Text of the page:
Disclaimer: Our article is simply providing information and should not be considered a recommendation for any kind of treatment. Everyone’s situation is unique. Only you can decide if online therapy is a better option than traditional face to face sessions. Always talk to a professional healthcare provider before starting a new treatment regimen.
Whether it’s stress, anxiety, or some other form of mental health issue, therapy options can come in many forms. The most traditional option involves face to face sessions with therapists, usually paid for on a per session basis. There is, however, an alternative to traditional face to face counseling called online therapy.
While telepsychology (usually by phone) has been around for over 20 years, online or app-based therapy is still relatively new. For those of us who’ve ever confided in a long-distance internet friend, the idea is nothing new.
Online therapy providers match those seeking counseling with the right therapists, providing them with one or more channels for communication. Those channels can include texting, messaging, or even video chat.
It’s Not For Everyone
Some people might find the idea of remaining semi-anonymous more appealing than having to sit down with a stranger, in a strange office. Other people, however, may feel differently.
Health insurance rarely reimburses for online therapy services. If you’re relying on your health insurance to cover the bill, you may find it’s not right for your situation.
Not surprisingly, with any relatively new twist on a time-tested service, there are a ton of misconceptions. People don’t know how it works, or those unwilling to move into the future fight against change be assuming it’s a bad move across the board.
Misconception #1 The Therapists Aren’t Licensed
This is probably one of the bigger deals on the list. You can find online therapy providers that only match you with licensed professionals. One of the biggest and most reputable providers, BetterHelp, says right on their website:
Counselors on BetterHelp are licensed, trained, experienced, and accredited psychologists (PhD / PsyD), marriage and family therapists (LMFT), clinical social workers (LCSW / LMSW), or licensed professional counselors (LPC). All of them have a Masters Degree or a Doctorate Degree in their field. They have been qualified and certified by their state’s professional board after successfully completing the necessary education, exams, training and practice. While their experience, expertise and background vary, they all possess at least 3 years and 2,000 hours of hands-on experience.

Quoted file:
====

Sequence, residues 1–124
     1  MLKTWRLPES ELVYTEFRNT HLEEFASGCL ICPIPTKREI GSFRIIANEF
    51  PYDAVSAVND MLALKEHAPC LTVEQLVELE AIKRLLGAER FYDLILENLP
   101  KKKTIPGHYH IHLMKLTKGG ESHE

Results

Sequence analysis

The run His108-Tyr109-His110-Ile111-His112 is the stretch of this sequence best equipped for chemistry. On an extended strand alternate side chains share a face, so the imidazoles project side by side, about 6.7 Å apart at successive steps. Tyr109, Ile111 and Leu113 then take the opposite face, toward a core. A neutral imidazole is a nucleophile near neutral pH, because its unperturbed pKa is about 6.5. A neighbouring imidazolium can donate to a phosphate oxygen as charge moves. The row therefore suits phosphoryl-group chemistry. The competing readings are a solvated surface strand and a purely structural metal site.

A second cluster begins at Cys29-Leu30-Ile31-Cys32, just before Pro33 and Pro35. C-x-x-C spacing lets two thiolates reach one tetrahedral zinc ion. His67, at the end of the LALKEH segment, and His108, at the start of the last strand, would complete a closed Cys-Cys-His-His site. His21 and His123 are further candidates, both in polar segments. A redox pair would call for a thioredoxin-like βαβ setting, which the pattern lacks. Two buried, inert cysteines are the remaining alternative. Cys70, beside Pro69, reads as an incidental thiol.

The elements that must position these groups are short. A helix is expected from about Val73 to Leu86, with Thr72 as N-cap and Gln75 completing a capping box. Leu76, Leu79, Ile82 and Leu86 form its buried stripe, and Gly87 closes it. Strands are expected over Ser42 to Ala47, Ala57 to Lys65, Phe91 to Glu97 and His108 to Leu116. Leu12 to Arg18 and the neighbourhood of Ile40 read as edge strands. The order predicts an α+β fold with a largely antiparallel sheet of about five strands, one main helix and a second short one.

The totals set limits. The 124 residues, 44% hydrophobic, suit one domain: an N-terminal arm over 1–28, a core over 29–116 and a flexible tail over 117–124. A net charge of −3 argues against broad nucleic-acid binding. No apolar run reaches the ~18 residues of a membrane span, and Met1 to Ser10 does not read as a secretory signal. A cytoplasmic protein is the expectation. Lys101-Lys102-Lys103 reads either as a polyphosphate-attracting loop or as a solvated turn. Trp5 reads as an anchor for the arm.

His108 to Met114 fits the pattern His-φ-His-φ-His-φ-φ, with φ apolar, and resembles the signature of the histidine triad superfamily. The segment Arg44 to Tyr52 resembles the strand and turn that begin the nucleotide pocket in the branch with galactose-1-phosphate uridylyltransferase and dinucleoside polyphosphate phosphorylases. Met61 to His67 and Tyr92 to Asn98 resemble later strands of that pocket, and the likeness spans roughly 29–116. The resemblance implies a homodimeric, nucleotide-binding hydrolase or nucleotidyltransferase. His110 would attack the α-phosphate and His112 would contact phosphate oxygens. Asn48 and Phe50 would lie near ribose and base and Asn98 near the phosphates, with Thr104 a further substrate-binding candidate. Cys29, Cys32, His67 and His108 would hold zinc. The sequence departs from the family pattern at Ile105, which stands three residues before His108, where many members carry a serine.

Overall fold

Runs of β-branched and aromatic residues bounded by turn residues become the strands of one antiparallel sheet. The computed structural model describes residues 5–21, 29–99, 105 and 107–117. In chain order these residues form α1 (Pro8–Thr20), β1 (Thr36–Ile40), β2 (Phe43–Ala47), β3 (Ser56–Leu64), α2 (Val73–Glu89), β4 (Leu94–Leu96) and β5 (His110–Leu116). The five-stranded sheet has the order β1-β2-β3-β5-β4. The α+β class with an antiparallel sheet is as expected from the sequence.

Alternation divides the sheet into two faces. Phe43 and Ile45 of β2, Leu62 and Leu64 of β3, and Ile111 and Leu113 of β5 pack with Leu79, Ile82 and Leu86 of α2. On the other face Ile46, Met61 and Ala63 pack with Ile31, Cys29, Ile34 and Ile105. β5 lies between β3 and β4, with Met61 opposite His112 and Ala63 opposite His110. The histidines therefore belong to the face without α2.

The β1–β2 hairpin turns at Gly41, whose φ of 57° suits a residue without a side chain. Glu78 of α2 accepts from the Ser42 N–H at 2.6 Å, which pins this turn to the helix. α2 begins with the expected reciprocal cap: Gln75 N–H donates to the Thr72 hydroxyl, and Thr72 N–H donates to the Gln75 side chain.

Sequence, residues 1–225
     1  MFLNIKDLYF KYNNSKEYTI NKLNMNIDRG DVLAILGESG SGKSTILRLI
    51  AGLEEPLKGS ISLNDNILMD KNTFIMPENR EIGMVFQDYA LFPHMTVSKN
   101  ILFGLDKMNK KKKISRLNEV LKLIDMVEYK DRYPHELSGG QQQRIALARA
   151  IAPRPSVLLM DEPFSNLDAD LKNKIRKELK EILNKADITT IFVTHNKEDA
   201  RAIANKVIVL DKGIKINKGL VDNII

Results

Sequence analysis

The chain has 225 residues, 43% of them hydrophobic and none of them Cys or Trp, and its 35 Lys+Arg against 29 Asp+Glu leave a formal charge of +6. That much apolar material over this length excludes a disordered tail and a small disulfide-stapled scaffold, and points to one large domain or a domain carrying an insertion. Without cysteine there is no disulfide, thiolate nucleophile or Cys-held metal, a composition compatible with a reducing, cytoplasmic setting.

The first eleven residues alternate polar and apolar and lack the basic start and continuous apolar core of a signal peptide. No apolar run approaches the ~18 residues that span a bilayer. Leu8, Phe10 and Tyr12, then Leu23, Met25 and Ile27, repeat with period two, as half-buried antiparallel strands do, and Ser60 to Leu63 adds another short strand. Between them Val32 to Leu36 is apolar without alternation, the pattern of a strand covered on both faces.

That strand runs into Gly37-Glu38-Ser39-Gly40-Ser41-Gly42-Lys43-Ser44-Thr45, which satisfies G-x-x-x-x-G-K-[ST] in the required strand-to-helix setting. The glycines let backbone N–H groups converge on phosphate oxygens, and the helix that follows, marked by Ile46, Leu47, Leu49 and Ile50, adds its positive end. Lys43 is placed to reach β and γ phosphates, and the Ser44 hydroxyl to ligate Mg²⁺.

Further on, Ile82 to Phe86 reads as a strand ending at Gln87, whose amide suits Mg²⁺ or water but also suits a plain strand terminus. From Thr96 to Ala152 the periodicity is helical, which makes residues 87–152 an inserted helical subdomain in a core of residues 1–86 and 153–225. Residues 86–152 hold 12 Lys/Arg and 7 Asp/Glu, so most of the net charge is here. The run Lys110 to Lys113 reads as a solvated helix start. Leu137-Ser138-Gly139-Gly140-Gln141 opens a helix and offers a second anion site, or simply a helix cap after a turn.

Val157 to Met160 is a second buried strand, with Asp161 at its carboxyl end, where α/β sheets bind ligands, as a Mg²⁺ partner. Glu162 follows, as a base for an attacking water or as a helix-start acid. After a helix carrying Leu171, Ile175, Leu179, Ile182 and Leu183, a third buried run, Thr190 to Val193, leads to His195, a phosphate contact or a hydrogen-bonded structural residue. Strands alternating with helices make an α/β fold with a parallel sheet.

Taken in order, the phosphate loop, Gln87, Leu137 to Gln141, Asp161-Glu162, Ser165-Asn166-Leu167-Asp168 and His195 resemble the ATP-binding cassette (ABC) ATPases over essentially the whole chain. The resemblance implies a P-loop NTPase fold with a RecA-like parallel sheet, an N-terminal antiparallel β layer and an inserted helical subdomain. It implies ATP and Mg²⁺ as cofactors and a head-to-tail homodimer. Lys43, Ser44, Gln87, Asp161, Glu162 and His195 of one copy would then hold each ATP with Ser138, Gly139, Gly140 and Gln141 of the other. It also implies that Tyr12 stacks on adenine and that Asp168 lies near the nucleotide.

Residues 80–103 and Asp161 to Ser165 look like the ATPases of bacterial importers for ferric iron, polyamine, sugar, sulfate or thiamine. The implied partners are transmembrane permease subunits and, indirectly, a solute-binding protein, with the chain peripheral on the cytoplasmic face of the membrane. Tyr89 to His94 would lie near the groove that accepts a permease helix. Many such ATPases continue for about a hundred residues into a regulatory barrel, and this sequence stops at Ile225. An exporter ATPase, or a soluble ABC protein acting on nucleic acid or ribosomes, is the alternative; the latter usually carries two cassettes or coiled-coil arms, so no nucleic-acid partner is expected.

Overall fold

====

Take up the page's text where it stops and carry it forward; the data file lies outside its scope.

It’s possible that not every provider is as good as BetterHelp when it comes to vetting their therapists, so make sure you do your homework when making your choice.
Misconception #2 Your Therapist Won’t be There When You Need Them
As much of online therapy revolves around messaging, it follows that real-time access to your therapist may not always be instantly available. But being able to send a message or a text can be therapeutic in itself.
Many services allow you to schedule real-time sessions with your therapist over the phone, text, or on video chat. Obviously, a therapist cannot sit in front of a computer 24/7 waiting for someone, so this makes sense.
A traditional therapist might sometimes make you wait until the next scheduled appointment or not return your message until office hours. The nature of online therapy, however, means you can reach out to your therapist at any time.
Misconception #3 Online Therapy Doesn’t Work
Again, as previously mentioned, it depends on your specific situation. But as a blanket statement, this is totally untrue. There’s plenty of evidence suggesting that online therapy is a viable alternative to traditional office visits. (see sources & additional reading below)
Back in 2017, The Huffington Post tackled this very question quite thoroughly. It turns out that in some cases, therapy online or over the phone was as effective as it is face to face.
There are lots of options for getting therapy from a professional online. Today’s busy adults don’t have to worry about dropping their schedule to meet an office appointment or making a long drive to an out of the way location.
While everyone’s situation is different, online therapy may just be a viable option for lots of adults who need a professional to talk to.
Sources & Additional Reading
Mayo Clinic: Cognitive behavioral therapy
Reuters Health via The Huffington Post: Telemedicine No Less Effective Than In-Person Therapy for Vets with PTSD